International Women’s Day: Leonora Carrington

International Women’s Day: Leonora Carrington

Latin American women are known for their power and passion and nowhere more than Mexico is this proved to be true. The path of history has been carved by many visionary doyennes, some whose names are remembered today, but many more whose brave and iconic acts have tragically become lost in the mists of time.

This International Women’s Day we’re taking the opportunity to celebrate some of the more and lesser known leading lights of Mexican history and culture to help ensure that their fearlessness continues to inspire the women of today.

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Liberated Leonora Carrington (1917-2011)

Mexico opened its arms to many Europeans fleeing the second world war and among these emigres was the fiercely independent surrealist painter Leonora Carrington. In Europe she had already established herself as part of the rising surrealist movement spearheaded by the likes of Salvador Dalí.

Arriving in Mexico City and free from the grip of a male-dominated surrealist scene in Europe, Leonora was able to funnel her unbridled creativity into the uniquely recognisable and otherworldly paintings that defined her career. As a European woman Leonora enjoyed a greater degree of freedom in the macho society of Mexico than Mexican women. And, brushing shoulders with other powerful female figureheads in Mexico at the time such as Frida Kahlo, Leonora used her influence and art to co-found the Women’s Liberation Movement in Mexico in the 1970s.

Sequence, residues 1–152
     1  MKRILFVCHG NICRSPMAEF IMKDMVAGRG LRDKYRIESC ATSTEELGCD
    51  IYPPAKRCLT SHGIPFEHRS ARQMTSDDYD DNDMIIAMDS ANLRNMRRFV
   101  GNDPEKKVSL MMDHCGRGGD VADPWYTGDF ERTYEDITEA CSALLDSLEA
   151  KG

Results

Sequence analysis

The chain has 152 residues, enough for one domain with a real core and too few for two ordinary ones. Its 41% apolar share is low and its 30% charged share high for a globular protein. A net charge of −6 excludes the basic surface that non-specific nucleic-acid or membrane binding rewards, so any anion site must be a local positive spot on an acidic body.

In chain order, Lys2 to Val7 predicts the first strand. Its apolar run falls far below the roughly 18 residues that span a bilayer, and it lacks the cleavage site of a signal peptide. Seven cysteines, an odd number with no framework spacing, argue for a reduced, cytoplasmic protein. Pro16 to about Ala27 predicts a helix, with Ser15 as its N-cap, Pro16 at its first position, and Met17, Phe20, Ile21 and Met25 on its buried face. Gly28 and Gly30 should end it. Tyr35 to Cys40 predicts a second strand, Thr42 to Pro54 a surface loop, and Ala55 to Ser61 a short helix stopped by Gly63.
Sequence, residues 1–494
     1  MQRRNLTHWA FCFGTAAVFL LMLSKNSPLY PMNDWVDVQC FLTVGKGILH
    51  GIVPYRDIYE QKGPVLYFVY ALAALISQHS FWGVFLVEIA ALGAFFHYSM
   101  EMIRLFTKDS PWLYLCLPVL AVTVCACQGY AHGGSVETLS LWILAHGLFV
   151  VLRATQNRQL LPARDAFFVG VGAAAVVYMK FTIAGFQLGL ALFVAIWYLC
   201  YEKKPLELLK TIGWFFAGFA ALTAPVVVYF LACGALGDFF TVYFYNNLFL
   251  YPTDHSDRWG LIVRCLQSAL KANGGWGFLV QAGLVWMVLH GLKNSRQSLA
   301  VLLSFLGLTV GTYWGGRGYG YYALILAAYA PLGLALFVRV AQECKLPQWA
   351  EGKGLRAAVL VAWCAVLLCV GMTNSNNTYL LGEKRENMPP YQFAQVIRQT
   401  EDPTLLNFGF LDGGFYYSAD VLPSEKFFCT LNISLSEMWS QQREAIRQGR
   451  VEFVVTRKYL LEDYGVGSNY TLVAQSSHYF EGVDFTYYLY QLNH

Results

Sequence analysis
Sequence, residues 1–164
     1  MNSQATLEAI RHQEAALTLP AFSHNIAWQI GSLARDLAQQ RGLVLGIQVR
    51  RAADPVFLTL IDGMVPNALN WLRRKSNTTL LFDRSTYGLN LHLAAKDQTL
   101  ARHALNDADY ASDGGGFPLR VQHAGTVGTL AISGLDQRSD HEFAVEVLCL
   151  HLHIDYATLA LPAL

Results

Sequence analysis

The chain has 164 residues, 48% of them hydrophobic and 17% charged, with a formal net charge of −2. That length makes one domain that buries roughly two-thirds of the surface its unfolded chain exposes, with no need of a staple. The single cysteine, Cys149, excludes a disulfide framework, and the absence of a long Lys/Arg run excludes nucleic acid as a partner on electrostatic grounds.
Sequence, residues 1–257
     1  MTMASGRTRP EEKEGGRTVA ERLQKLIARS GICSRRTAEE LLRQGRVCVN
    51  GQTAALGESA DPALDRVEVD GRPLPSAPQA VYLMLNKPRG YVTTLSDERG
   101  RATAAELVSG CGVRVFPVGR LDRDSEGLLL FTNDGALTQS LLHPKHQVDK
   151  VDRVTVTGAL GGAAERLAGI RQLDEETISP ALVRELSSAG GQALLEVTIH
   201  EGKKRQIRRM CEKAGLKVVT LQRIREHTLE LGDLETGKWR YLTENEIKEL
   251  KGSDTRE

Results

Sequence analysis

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“I didn’t have time to be anyone’s muse... I was too busy rebelling against my family and learning to be an artist.”

Her paintings show how she challenged of the role of women in society and particularly in the home and her independence is clear in her words: “I didn't have time to be anyone's muse... I was too busy rebelling against my family and learning to be an artist.”